Cognitive Behavioral Family Therapy Techniques

Instructor: Karin Gonzalez

Karin has taught middle and high school Health and has a master's degree in social work.

Thoughts are powerful, and negative ones can create a host of communication and relationship problems within a family. Cognitive behavioral therapy (CBT) works on replacing negative thoughts and beliefs with positive ones to improve family behavior. Learn about CBT techniques with families in this lesson.

What Is Cognitive Behavioral Therapy?

The Jones family visits Dr. Ross for family therapy.The family is comprised of Mr. and Mrs. Jones and their 10-year-old daughter Morgan. Mrs. Jones is permissive with Morgan and is afraid to discipline her. Mr. Jones usually steps in as the authoritarian and is verbally aggressive and forceful with Morgan. Morgan is angry about her parents' lack of cohesiveness and decisiveness with rules and limits. Furthermore, when Morgan expresses anger, her parents punish her more, which often make the situation worse.

Cognitive behavioral therapy (CBT) is a psychotherapy that targets negative thoughts and works to replace them with positive thoughts so as to create favorable behaviors and emotions. After the initial assessment, Dr. Ross can see that the Joneses hold several cognitive distortions, or flawed ways of thinking that are damaging to family functioning and cohesiveness:

  • Mrs. Jones thinks that if she disciplines Morgan then Morgan will hate her.
  • Mr. Jones thinks that the only way Morgan will respect him is if he barks orders at her.
  • Mr. Jones is uncomfortable when Morgan expresses sadness, and therefore fails to empathize with his daughter.
  • Both Mr. and Mrs. Jones think that any expression of anger from a child is disrespectful.

If parents can challenge their cognitive distortion that a child expressing anger is bad, they can move towards helping their child express anger in a healthy and nondestructive manner.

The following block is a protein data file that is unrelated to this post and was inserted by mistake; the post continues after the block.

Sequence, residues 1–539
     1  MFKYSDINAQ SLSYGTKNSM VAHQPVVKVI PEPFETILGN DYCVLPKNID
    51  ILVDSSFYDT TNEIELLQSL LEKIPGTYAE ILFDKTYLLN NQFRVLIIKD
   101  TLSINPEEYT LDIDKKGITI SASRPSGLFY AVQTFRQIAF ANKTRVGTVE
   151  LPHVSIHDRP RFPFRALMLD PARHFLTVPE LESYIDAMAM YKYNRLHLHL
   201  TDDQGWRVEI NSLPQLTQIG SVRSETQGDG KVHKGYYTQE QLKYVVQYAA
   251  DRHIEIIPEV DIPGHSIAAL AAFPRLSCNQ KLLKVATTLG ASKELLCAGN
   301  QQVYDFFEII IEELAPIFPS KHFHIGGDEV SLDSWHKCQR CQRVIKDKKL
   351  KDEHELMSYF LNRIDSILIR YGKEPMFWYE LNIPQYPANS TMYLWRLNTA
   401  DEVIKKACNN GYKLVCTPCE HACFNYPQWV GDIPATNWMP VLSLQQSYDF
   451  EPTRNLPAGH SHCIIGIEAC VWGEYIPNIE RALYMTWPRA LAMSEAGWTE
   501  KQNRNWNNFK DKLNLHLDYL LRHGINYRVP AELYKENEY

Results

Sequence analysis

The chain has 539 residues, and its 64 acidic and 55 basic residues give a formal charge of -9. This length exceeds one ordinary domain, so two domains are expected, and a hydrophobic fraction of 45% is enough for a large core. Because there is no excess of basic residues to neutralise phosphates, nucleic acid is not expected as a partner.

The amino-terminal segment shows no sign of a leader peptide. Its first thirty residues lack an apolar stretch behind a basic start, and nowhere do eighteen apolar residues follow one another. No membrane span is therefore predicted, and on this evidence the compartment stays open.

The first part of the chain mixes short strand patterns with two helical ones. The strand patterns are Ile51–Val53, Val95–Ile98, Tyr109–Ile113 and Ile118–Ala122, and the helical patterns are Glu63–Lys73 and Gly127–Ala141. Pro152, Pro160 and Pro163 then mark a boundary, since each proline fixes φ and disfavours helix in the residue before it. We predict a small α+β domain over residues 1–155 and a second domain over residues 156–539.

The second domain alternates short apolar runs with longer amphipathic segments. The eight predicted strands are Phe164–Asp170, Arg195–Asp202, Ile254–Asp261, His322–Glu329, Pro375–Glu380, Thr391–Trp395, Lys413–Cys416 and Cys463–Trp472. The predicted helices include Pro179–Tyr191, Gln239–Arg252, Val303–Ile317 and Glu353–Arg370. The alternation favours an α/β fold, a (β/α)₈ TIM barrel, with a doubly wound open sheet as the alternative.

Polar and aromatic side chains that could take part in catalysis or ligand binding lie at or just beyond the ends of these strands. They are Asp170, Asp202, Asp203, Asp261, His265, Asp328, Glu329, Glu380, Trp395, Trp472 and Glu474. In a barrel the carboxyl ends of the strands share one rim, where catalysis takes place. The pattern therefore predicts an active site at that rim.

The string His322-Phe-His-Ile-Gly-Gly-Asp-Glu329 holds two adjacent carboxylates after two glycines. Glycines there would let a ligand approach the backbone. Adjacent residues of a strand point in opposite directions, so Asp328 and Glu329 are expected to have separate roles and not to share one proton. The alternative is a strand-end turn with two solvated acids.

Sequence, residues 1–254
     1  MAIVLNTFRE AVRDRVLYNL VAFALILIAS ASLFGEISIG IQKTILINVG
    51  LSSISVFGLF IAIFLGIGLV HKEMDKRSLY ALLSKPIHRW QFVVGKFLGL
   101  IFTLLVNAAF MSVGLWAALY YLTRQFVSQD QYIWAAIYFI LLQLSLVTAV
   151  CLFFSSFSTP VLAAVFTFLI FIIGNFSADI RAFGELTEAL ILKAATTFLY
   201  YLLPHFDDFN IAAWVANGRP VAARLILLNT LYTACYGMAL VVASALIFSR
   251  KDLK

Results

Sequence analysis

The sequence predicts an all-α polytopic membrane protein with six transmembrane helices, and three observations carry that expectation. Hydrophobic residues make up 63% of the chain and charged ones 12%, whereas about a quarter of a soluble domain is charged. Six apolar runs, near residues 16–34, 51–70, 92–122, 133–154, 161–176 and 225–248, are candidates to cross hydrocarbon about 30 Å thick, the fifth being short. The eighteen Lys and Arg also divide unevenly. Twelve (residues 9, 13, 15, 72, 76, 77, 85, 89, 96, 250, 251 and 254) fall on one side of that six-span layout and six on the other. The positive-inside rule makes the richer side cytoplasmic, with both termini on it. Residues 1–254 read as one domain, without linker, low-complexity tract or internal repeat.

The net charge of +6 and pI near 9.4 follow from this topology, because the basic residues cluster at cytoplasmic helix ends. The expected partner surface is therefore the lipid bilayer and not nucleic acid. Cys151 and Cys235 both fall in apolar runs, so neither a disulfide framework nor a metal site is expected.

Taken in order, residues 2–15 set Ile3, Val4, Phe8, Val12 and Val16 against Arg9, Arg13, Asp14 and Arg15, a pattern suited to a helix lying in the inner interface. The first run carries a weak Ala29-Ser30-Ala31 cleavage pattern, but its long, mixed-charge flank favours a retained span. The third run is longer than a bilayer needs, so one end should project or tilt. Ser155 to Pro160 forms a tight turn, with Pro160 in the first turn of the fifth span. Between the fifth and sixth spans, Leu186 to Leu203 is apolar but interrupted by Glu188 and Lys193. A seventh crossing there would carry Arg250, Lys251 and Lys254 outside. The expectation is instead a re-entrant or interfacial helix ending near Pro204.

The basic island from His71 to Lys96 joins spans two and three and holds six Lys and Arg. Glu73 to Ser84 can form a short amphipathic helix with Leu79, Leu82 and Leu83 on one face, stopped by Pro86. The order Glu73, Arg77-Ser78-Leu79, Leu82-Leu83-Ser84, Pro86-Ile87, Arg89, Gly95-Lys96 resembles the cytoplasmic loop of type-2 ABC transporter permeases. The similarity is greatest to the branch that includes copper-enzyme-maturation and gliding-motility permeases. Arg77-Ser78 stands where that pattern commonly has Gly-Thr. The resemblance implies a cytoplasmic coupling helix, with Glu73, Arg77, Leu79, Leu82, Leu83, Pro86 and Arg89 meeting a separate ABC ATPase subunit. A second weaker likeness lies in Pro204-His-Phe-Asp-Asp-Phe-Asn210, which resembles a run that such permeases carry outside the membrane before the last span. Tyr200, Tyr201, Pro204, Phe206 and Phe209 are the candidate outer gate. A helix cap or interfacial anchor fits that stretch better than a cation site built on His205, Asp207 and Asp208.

Image of angry boy

CBT Family Therapy Techniques

The Joneses work with Dr. Ross under a cognitive behavioral treatment approach using the following techniques:

Mood Check In

To begin a session, each member of the Jones family will report on their moods. The goal is that family members' moods improve throughout therapy and serve as an objective measurement tool to indicate progress. In the first session, the Joneses are feeling disheartened and angry.

Agenda Setting

Also to begin sessions, the Joneses take turns briefly verbalizing which issues they would like to talk about in that session. The family and the therapist collaboratively decide which issues they will tackle as well as how much time will be dedicated for each issue. This ensures that each session is productive and efficient.

Acceptable Feelings Activity

Dr. Ross gives each member of the Jones family a piece of paper with a list of feelings. The Joneses are instructed to indicate which feelings are acceptable and not acceptable to express within the family system. This is where Mr. Jones's discomfort with expressions of sadness and Mr. and Mrs. Jones's intolerance of expressions of anger become evident.

Role Playing

Role playing is a way for the Jones family to play out real-life problem scenarios in the therapist's office with the guidance of Dr. Ross. Dr. Ross could also participate in the role play if he wants to model positive interaction and communication methods. For example, Dr. Ross could act like the parent in a scenario with Morgan so he can model positive discipline strategies for Mr. and Mrs. Jones.

The Chair Technique

Dr. Ross asks the Joneses to place a problem on an empty chair in the room and talk to the chair in trying to resolve the problem. They put 'Morgan's anger' on the chair. This is a helpful strategy in that it separates Morgan from the problem, lessening the likelihood that Morgan will feel blamed when her parents tackle the problem.

Homework

At the end of the session, Dr. Ross asks Mr. and Mrs. Jones to do a behavior experiment as homework. For every issue that comes up, Mr. and Mrs. Jones must listen to Morgan's opinion/feelings/thoughts without interrupting for five minutes (using an egg timer to track time). Then they have to come together and make a decision on how to deal with the issue. If Morgan does not like their decision, they can leave the room, but they must allow her expression of anger, as long as it does not harm property, herself, or others. Further, they must stick to their decision, even if Morgan is angry.

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